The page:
Ultimately, one of the most fruitful sources of insight into my grandfather was neither scholarly archives nor family lore, but a gift Sam received long ago. It was a glorious, 101-year-old black-page photo album documenting a hunting trip he took with friends in Chihuahua, Mexico in 1921. This album brought me closer to Sam, revealing some of his authentic nature and interests. Over time, I’ve come to feel as if I know my ghostly grandfather in large part due to conserving, examining, and revisiting its photographs and captions.

I first saw the book years ago, during a visit to an aunt in my hometown, San Jose, California. As we reminisced about the Ravels, my aunt pulled the album from a shelf in the family room. The cover was embossed in gold with the words “Snap Shots.” It had likely sat unopened for some time, but it was falling apart. Pages were crumbling. Captions handwritten in white ink were fading.

At the time I worked at Getty Publications, so with my aunt’s permission, I brought the album to work and showed it to a conservator at the Getty Conservation Institute. My colleague advised me to carefully remove the brads that bound the book and were putting pressure on the page edges, to slide each leaf into a clear sleeve, and to store the album in an archival box in a dark closet. Once the album was stabilized, I could examine it more carefully, and frequently, without fear of it disintegrating. I pored over the images and transcribed the annotations.

Created and given to my grandfather by one of his travel mates, the album documents their two-week trip into Mexico in January and February of 1921, mere months after the Revolution ended and just five years after the deadly raid. Villa was still at large.

The book begins with streetscapes of nearby Texas cities, perhaps taken from the window of a westbound train: Main Street in Van Horn, Fort Hancock, and then tiny Yselta, which the unknown author ironically captions “another large town.” Next there is a glimpse of downtown El Paso. Model Ts are parked in front of the stately Hotel Paso del Norte, where people had flocked to the rooftop terrace to watch firefights across the border during the Mexican Revolution.

Sam comes into the picture, literally, on page five. Before studying the album, I had seen only two photographs of him, both studio portraits. In the earlier one—likely taken in Europe before Sam emigrated to America—he is seated next to his two younger brothers. They are somber, wearing dark suits, possibly mourning their mother’s death.

The only other photograph I had seen of Sam is similarly posed, self-conscious and formal. Set in a filigree gold frame that my father kept on his dresser, it now hangs in my house. In this one my grandfather is older, fatter, and with less hair. Again he dons a three-piece suit, but this time it’s accented with a spiffy botanical print tie, and he smiles slightly.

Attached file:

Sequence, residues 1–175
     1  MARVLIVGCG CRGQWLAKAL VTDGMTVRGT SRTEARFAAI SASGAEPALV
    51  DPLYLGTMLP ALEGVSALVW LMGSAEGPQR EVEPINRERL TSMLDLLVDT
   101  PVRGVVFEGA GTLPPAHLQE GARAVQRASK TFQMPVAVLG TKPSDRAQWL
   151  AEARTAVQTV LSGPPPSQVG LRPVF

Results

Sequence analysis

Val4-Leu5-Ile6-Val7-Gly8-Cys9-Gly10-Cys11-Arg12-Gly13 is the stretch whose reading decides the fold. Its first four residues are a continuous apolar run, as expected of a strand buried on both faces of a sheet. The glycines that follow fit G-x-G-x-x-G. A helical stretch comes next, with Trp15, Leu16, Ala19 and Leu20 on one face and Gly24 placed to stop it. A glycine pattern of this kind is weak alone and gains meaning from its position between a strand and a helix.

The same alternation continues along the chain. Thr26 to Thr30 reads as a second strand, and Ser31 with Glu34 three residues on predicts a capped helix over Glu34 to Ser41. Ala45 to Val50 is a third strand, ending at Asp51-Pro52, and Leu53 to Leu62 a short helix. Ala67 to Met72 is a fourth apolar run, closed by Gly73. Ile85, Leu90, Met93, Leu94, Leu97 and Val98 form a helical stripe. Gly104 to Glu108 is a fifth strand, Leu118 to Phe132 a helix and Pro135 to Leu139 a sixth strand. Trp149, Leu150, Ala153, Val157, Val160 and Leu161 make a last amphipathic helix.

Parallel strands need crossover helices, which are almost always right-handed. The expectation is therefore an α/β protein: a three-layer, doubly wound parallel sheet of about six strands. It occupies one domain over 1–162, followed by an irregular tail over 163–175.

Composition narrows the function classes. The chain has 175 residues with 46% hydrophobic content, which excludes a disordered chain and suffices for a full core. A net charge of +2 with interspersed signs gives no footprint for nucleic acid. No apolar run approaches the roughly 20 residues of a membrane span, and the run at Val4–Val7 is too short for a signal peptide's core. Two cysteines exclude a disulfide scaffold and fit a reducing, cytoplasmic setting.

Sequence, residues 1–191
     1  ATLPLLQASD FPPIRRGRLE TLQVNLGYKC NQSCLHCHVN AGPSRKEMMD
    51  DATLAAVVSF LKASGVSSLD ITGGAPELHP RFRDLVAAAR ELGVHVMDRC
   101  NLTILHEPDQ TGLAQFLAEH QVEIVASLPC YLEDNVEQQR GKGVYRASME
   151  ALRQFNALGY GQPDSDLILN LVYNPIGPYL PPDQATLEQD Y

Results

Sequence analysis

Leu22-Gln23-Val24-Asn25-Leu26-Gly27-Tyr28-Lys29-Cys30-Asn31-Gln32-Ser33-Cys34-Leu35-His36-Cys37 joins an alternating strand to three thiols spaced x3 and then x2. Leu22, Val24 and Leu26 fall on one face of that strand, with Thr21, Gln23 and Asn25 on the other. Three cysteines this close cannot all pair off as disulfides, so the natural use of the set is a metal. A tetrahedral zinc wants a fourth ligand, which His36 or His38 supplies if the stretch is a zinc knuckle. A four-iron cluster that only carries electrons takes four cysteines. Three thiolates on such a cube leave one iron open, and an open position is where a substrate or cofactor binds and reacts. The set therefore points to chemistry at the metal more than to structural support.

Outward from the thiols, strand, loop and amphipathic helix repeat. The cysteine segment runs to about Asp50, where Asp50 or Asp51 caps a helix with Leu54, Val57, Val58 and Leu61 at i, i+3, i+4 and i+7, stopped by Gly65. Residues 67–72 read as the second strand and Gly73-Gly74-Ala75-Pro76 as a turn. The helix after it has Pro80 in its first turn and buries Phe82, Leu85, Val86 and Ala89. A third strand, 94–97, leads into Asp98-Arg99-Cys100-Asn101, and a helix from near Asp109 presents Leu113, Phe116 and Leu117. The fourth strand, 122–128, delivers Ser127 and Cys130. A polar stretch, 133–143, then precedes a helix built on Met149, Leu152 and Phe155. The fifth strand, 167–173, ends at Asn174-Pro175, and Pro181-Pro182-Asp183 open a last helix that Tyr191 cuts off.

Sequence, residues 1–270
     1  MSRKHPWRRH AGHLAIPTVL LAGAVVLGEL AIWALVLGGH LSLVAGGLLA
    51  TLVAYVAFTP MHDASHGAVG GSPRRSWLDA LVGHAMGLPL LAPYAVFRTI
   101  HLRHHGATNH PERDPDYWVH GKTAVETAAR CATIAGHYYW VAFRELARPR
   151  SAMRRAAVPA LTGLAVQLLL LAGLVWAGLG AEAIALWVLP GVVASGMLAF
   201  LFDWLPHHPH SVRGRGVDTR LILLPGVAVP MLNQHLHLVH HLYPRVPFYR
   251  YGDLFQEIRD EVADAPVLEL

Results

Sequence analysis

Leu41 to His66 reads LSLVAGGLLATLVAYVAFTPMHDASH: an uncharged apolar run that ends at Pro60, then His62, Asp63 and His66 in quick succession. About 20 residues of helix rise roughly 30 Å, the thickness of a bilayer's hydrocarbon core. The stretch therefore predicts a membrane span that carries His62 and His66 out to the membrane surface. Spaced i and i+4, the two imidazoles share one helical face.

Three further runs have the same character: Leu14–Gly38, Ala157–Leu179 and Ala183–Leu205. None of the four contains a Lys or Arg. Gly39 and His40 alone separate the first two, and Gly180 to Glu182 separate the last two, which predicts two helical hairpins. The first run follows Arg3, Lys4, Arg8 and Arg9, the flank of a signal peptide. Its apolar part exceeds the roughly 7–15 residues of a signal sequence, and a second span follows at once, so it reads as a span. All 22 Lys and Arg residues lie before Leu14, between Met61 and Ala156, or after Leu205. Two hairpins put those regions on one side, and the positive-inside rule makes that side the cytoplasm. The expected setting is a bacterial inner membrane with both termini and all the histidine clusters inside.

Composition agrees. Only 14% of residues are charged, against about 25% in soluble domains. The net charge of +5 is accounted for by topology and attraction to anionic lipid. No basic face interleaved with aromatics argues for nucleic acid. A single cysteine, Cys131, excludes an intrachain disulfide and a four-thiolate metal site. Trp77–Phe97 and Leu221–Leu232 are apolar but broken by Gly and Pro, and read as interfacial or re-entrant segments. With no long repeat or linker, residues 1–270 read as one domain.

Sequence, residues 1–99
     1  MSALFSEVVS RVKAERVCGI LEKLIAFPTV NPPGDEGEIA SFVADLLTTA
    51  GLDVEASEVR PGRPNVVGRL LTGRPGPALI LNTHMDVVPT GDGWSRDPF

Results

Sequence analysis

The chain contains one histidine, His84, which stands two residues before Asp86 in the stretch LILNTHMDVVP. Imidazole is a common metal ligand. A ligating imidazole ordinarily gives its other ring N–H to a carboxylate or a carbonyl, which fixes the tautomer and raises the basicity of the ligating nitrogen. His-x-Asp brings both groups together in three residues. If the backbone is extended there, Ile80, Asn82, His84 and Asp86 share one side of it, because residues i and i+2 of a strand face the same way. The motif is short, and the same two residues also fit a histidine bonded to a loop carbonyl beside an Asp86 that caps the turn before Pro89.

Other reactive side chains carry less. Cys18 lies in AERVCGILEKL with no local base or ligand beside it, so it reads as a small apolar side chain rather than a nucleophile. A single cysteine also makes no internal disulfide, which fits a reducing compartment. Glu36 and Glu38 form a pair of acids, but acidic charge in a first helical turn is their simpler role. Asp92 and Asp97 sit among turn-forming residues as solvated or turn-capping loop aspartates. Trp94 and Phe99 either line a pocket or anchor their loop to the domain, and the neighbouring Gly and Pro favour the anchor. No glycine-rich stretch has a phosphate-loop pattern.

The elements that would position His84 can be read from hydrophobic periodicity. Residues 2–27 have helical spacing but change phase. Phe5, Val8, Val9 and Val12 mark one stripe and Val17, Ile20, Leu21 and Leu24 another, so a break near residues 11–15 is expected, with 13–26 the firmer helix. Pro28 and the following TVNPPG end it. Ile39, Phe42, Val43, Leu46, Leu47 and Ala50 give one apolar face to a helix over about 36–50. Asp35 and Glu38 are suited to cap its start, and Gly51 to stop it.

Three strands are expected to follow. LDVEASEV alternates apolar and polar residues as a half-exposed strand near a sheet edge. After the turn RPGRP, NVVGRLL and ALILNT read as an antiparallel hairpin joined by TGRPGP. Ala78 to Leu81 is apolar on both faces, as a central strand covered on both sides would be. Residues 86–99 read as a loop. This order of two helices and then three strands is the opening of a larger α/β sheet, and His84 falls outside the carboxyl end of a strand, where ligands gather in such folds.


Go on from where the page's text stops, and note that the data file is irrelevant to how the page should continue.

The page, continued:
In contrast, the album presents pages of unguarded moments. And while posed—Sam and his friends certainly knew they were being photographed—these images are the antithesis of formal studio portrait photography: casual, spontaneous, even playful.

In one Sam is lined up with a group of men in front of an adobe in Palomas, looking like a still from The Magnificent Seven. It is January 25, 1921, the first night of their journey. In the next photo Sam and two buddies stand before the hut where they bedded down for the night. A cigarette dangles from his right hand; a chicken pecks in the foreground.

Photo by photo I am introduced to their hunting guide, their horses, even their first campsite, where my grandfather postures with a rifle at the ready. He seems unconcerned that Villa is on the loose.

Relatives reported that Sam was gregarious and audacious, and here is evidence: a photo of Sam and his companions stripped down and bathing in a hot spring, their faces plastered with toothy grins. In another shot he gamely cradles a live fox.

Was he hearty, as I imagined an immigrant forging a better life for himself and his siblings, would be? I turned a page and there was my answer, inscribed by the author beneath a scraggly headshot: “Sam Ravel alias cold blooded Sam. He slept comfortably in his underwear while we froze to death with our clothes on and shoes on … and some snorer.”

I eventually made my film about Sam, UnRaveling, and these photographs are the connective tissue—providing levity, context, nuance, and authenticity.  The album was meant as a gift to my grandfather whom I never met, but it was also an enormous gift to me. I have sat with this heavy album in my lap many times, studying its now-delicate pages, as I imagine Sam also did. I linger over the inscription:

With my best wishes to Sam Ravel

Remembrances of our Hunting Trip in Mexico

Jan. and Feb. 1921